Vukanovich v. Kine

Decision Date12 February 2020
Docket NumberA161984
Citation302 Or.App. 264,461 P.3d 223
Parties Mark VUKANOVICH, an individual, Plaintiff-Appellant, v. Larry KINE, an individual; and Larry Kine Properties, LLC, Defendants-Respondents, and Stonecrest Properties, LLC, an Oregon limited liability company; Alan Evans, an individual; and Charles Kingsley, an individual, Defendants.
CourtOregon Court of Appeals

George W. Kelly, Eugene, argued the cause and filed the briefs for appellant.

Helen C. Tompkins, Lake Oswego, argued the cause for respondents. On the brief were Craig R. Berne and Harris Berne Christensen LLP.

Before Armstrong, Presiding Judge, and Shorr, Judge, and Sercombe, Senior Judge.

SHORR, J.

This appeal is the latest development in a long history of litigation arising out of a failed housing development in Eugene. Our most recent opinions concerned an agreement between plaintiff Vukanovich and defendant Kine1 to work together to purchase a parcel of real property from Umpqua Bank (Umpqua or the bank), and we remanded the case to the trial court for further proceedings on defendant’s equitable defenses to plaintiff’s claim that defendant breached that agreement. Vukanovich v. Kine , 268 Or. App. 623, 342 P.3d 1075 ( Vukanovich II ), adh’d to as modified on recons , 271 Or. App. 133, 349 P.3d 567 (2015) ( Vukanovich III ).2 On remand, the trial court ruled in favor of defendant on the defenses of equitable estoppel and unclean hands. Plaintiff now appeals, raising four assignments of error.

First, plaintiff assigns error to the trial court’s findings of fact that, in plaintiff’s view, impermissibly contradict the jury’s findings of fact. Second, plaintiff assigns error to the trial court’s use of an "any evidence" standard when making factual findings. Third, plaintiff assigns error to specific factual findings made by the court, arguing that there is not any evidence in the record to support them. Lastly, plaintiff assigns error to the court’s legal conclusions on the equitable defenses, arguing that, even if we accept the court’s findings as supported by evidence, those findings did not meet the elements of the defenses as a matter of law. For the reasons that follow, we affirm.

This case has a long and complicated factual background. In Vukanovich II , we provided a thorough summary of the historical facts, and our standard of review in that case compelled us to state the disputed facts in the light most favorable to plaintiff. 268 Or. App. at 626 n. 3, 342 P.3d 1075. In this appeal, however, we do not view the facts in such a light.

Instead, because plaintiff challenges the trial court’s rulings and findings of fact on the equitable defenses, we review the court’s legal conclusions for legal error and its factual findings to determine whether the findings are supported by any evidence in the record. Id. at 633, 342 P.3d 1075. Therefore, we quote below the relevant facts as they were presented in Vukanovich II in order to provide a full context for this factually complicated case. To the extent that factual disputes exist or conflict with those facts that were found by the trial court on remand, we note those disputed facts in the relevant section of the analysis below.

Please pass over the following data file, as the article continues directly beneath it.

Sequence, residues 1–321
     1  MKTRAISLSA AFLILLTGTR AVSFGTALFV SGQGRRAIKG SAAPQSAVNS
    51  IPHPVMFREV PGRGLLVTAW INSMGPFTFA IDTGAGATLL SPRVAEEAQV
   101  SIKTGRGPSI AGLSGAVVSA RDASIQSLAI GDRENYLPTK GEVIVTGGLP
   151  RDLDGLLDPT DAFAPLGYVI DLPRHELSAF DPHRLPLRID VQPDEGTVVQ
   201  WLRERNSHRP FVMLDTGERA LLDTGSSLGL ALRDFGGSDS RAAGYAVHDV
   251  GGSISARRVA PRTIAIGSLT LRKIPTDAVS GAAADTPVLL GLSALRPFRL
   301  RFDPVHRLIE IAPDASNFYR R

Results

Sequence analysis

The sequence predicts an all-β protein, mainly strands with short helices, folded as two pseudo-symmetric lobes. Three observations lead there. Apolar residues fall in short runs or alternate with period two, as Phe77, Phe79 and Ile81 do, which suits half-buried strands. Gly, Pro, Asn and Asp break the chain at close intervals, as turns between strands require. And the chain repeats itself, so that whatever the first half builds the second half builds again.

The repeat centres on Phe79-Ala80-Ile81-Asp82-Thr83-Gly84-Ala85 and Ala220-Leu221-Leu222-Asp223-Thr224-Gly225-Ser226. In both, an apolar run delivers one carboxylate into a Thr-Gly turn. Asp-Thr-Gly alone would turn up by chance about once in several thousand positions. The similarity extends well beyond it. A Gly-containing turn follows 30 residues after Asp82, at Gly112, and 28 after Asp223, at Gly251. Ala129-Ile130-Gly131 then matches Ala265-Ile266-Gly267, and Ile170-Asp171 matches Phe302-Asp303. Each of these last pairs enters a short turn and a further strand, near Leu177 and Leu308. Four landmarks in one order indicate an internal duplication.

"Plaintiff is a real estate developer with several decades of varying experience in the industry. In spring 2007, he purchased a 43-acre parcel of land in Eugene, Oregon (the city), with a $4.629 million loan from Umpqua. Plaintiff intended to divide the parcel into 102 residential lots and construct the infrastructure needed for a residential development. He planned to sell the lots in two phases: 40 lots in Phase 1 and 62 lots in Phase 2. To meet city requirements, plaintiff purchased two bonds to ensure the construction of the infrastructure for the lots. Plaintiff and his wife personally guaranteed the bonds.
"The Phase 1 lots were ready for sale in late 2007, but they did not sell as planned. By early 2009, plaintiff was struggling to make payments to Umpqua, and the bank initiated foreclosure proceedings. Plaintiff attempted to negotiate with the bank in order to retain the property and, among other things, offered to pay $2.25 million to the bank in exchange for the property and a release from the loan obligation. Those negotiations failed, and, in August of that year, the bank accepted a deed-in-lieu-of-foreclosure and fully released plaintiff from his loan obligations. Plaintiff nevertheless remained hopeful that he might reacquire the property in the future.
"Defendant, who is a real estate broker and developer, first met plaintiff while plaintiff was still in negotiations with the bank. Defendant was representing four or five clients who wanted to purchase lots from plaintiff, but the bank refused to release any lots for sale at the prices offered by defendant. Notwithstanding the failed transactions, defendant’s interest in the property was piqued, and he attempted to purchase it from the bank after the bank obtained the deed-in-lieu-of-foreclosure from plaintiff.